Acute Knee Effusions: A Systematic Approach to Diagnosis - Article

ABSTRACT: Knee effusions may be the result of trauma, overuse or systemic disease. An understanding of knee pathoanatomy is an invaluable part of making the correct diagnosis and formulating a treatment plan. Taking a thorough medical history is the key component of the evaluation. The most common traumatic causes of knee effusion are ligamentous, osseous and meniscal injuries, and overuse syndromes. Atraumatic etiologies include arthritis, infection, crystal deposition and tumor. It is essential to compare the affected knee with the unaffected knee. Systematic physical examination of the knee, using specific maneuvers, and the appropriate use of diagnostic imaging studies and arthrocentesis establish the correct diagnosis and treatment.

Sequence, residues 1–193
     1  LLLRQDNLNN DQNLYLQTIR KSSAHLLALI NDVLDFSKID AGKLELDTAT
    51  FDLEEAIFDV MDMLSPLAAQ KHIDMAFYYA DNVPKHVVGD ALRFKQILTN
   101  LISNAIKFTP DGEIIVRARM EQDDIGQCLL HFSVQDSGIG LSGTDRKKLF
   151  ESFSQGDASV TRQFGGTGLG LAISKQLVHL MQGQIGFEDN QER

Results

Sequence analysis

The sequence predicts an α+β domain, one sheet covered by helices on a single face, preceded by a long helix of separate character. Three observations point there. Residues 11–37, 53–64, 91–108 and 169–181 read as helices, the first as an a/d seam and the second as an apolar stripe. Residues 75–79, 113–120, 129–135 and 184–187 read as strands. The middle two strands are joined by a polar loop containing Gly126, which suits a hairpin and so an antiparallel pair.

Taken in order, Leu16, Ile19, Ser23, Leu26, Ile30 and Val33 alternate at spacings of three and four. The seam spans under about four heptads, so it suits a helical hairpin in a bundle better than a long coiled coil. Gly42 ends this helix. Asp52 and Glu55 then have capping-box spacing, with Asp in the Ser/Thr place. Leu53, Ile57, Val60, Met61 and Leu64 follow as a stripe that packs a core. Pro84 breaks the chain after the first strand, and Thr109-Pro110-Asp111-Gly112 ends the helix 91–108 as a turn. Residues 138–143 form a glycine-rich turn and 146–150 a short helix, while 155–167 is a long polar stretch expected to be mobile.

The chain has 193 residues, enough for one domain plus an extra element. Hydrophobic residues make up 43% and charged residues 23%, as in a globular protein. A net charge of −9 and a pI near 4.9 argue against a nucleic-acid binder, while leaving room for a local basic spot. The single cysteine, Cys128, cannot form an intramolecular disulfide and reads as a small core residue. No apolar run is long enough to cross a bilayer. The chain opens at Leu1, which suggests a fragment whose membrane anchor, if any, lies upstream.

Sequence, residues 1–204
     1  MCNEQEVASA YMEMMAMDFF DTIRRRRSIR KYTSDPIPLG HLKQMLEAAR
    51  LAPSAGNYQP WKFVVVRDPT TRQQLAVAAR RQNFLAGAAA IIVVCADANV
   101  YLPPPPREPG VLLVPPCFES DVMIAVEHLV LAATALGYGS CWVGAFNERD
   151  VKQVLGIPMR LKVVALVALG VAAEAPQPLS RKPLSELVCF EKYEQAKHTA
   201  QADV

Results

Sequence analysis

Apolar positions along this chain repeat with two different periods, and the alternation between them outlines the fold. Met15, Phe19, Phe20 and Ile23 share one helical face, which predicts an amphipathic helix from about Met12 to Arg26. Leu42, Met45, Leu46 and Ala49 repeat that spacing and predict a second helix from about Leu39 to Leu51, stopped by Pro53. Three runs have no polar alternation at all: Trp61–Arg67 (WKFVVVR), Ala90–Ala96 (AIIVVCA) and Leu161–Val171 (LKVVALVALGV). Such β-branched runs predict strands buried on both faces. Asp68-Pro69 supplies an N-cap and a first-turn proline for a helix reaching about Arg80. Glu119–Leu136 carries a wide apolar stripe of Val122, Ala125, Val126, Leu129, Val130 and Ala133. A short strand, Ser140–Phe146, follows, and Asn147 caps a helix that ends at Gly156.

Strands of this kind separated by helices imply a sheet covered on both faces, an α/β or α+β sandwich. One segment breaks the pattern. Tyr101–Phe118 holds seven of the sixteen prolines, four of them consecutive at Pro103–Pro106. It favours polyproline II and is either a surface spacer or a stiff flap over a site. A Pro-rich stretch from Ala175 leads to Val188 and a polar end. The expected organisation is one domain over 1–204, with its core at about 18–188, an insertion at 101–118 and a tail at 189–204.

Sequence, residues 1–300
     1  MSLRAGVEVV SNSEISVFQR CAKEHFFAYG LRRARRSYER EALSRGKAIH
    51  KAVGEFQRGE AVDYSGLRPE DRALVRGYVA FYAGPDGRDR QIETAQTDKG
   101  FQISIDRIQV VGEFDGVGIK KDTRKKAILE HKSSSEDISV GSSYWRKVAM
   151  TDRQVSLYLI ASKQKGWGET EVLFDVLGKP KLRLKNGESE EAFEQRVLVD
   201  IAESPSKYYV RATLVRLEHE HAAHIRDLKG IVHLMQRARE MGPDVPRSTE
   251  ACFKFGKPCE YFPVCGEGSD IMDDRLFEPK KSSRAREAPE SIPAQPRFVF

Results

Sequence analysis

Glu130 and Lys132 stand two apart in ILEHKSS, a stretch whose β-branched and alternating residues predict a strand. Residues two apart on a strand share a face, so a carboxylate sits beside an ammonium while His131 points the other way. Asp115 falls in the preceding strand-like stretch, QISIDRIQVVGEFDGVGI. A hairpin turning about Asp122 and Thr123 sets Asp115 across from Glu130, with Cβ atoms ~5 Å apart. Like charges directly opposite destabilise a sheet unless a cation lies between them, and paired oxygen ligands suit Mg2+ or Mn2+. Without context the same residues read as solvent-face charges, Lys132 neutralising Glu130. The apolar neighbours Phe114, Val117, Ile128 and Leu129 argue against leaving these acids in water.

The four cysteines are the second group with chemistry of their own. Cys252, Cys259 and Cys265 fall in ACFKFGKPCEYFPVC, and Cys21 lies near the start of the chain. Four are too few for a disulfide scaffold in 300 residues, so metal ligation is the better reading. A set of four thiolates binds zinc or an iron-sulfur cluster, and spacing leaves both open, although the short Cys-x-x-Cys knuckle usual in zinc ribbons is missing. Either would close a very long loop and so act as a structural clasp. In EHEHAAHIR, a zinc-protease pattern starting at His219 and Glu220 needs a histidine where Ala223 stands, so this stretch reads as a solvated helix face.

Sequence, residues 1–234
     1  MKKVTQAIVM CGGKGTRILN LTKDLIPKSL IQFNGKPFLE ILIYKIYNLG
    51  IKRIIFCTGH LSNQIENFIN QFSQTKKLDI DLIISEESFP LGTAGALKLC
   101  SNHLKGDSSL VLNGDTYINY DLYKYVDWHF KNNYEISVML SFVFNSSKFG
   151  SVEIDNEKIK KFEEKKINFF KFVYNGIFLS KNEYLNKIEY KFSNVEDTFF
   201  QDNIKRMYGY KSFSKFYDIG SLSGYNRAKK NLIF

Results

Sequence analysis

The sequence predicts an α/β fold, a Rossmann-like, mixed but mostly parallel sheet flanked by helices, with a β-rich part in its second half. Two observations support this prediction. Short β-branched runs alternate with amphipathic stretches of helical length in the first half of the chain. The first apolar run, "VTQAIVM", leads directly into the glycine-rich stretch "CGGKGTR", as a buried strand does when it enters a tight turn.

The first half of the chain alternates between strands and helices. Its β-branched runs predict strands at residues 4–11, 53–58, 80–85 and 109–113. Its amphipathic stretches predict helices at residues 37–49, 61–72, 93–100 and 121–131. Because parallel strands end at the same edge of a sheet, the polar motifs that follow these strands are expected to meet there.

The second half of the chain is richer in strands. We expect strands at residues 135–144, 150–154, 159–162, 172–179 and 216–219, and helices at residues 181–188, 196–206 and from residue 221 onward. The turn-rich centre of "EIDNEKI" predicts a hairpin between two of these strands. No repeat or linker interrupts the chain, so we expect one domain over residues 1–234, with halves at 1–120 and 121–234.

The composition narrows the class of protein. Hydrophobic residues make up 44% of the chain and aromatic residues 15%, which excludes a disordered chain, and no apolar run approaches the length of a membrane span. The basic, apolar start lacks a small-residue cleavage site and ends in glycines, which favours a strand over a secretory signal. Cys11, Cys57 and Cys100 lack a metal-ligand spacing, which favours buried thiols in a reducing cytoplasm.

The Evaluation of Common Breast Problems - Article

ABSTRACT: The most common breast problems for which women consult a physician are breast pain, nipple discharge and a palpable mass. Most women with these complaints have benign breast disease. Breast pain alone is rarely a presenting symptom of cancer, and imaging studies should be reserved for use in women who fall within usual screening guidelines. A nipple discharge can be characterized as physiologic or pathologic based on the findings of the history and physical examination. A pathologic discharge is an indication for terminal duct excision. A dominant breast mass requires histologic diagnosis. A breast cyst can be diagnosed and treated by aspiration. The management of a solid mass depends on the degree of clinical suspicion and the patient's age.